WESTMINSTER — A city man choked back tears on the witness stand yesterday after hewas shown a picture of his infant son who died shortly after birth at Carroll County General Hospital.
Robert Morris was the final witness on the seventh day of testimony in a Westminster pediatrician's appeal of a state malpractice board's ruling that he was negligent inthe death of baby Brett Morris.
The baby's father ended an emotion-filled afternoon, as family members took the stand to tell of the effect of the baby's death on hisparents.
The baby was born at Carroll County General at 10 a.m. Sept. 21, 1986. He weighed 8 pounds, 9 ounces, but had breathing problems.
The baby died 19 hours later, before either of his parents had a chance to hold him.
In July, a three-member Maryland Health Arbitration Board in Sykesville found that longtime Carroll pediatrician Dr. Karl Green was negligent in the baby's death. The board awardedthe Morrises $550,000 in damages.
Green is appealing the decisionin Carroll Circuit Court.
Morris told the jury of eight men and four women how happy he and his wife, Barbara, were when Brett was born. He said having the baby was especially exciting because they had been told they couldn't have more children.
"We already had a girl,so the fact that this was a boy made it pretty much perfect," he said.
He said he was concerned about the baby while he was in the nursery because it "seemed like he was shivering" and because Brett never cried out loud like the other babies.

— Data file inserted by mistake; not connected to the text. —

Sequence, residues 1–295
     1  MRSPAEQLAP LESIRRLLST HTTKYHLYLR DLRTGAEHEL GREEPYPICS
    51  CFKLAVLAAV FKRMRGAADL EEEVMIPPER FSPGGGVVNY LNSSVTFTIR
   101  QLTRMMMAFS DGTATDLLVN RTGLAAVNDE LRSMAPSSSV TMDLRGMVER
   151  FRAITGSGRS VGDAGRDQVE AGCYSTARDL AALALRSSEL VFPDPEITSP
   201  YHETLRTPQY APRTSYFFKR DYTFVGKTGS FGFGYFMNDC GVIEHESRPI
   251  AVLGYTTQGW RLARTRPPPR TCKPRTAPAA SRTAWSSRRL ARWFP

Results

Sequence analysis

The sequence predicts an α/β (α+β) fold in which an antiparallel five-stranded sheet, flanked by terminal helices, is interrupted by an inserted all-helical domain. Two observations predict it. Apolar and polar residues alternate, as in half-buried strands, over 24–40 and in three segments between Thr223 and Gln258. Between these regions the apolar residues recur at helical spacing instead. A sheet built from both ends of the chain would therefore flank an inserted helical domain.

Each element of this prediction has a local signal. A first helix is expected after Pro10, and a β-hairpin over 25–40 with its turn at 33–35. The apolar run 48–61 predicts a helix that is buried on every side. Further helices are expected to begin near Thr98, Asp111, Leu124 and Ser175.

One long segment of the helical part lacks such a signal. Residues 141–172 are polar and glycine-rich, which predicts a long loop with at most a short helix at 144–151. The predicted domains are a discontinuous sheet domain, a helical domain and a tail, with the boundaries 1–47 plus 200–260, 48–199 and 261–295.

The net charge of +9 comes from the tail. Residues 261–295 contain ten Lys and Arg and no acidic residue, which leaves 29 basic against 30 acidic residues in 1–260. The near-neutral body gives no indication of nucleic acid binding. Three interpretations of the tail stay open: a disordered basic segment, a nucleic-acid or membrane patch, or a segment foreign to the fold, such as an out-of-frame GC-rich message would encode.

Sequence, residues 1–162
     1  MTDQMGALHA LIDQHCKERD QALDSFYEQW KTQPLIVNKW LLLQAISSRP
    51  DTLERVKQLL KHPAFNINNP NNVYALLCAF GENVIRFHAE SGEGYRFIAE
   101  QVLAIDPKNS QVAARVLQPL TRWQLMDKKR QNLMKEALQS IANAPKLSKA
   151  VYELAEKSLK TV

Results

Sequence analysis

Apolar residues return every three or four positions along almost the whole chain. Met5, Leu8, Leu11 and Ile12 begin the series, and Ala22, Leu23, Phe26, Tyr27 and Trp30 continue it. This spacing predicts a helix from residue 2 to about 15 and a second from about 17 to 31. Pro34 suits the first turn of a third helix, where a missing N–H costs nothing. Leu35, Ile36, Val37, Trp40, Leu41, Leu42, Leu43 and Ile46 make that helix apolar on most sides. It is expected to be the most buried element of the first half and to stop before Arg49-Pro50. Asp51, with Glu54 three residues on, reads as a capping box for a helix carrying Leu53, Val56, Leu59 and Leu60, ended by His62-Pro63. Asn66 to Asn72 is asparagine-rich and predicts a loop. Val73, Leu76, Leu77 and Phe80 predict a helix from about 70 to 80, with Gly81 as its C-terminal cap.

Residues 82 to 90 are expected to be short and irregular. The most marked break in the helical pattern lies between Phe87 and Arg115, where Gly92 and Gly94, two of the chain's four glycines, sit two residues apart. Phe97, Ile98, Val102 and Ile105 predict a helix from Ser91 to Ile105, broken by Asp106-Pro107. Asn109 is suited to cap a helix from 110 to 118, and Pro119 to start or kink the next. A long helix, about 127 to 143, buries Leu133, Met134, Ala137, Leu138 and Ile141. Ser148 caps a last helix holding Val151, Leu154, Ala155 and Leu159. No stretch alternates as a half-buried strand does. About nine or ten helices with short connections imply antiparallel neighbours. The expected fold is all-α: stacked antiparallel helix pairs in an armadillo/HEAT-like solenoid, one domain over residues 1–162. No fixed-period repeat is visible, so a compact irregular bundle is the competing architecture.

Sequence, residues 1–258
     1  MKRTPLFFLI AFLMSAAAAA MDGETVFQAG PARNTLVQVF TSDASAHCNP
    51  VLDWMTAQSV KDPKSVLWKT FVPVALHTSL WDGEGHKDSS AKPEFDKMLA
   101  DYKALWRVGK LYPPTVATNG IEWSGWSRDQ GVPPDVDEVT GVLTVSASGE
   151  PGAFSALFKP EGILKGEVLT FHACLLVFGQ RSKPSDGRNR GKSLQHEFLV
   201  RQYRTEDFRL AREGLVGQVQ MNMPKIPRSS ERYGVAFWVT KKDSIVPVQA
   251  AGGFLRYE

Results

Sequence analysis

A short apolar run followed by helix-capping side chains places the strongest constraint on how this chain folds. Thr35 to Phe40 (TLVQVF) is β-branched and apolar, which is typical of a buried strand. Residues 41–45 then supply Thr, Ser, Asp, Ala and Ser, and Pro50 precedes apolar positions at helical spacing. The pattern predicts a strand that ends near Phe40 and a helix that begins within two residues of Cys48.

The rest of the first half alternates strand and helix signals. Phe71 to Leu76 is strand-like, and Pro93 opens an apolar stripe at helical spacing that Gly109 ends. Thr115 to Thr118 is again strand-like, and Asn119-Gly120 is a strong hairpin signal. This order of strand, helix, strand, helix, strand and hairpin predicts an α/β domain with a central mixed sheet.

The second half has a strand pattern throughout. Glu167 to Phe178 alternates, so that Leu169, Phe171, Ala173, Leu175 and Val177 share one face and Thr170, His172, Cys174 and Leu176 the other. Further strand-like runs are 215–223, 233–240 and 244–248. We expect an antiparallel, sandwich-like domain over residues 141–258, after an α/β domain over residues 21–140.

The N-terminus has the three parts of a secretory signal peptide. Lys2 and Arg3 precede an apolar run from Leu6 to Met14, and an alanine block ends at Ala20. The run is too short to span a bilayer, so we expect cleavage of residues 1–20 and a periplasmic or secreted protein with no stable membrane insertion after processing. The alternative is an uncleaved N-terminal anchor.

The baby's father said a nurse told him Brett would be fine and just was tired from a stressfulbirth.
Morris remained calm during most of his testimony, but broke down when Baltimore attorney LaVonna D. Vice showed him a picture of Brett taken by the nurses.
He cried when he said Brett looked like him and his father.
Earlier in the afternoon, the baby's grandfather took the stand and sobbed as he told the jury about Barbara Morris' reaction to her baby's death.
Kenneth Richard White Sr. saidthat when he got to the hospital, his daughter "was completely out of control.
"Her emotions were just shot," said White. "She said the nurses just watched the baby strangle to death. She just kept saying it over and over."
The Morrises and their attorney contend that Green did not give the baby enough oxygen, that he misread a chest X-ray and that he wrongly allowed the baby to be fed formula.
A medical examiner's report said the baby died of pneumome
diastynum, a condition in which air collects outside the lungs, causing pressure.
Green and his attorney, Michael Baxter of Baltimore, dispute thatand claim the baby died of "persistent fetal circulation," an often-fatal condition in which the baby cannot adjust to breathing outside the womb.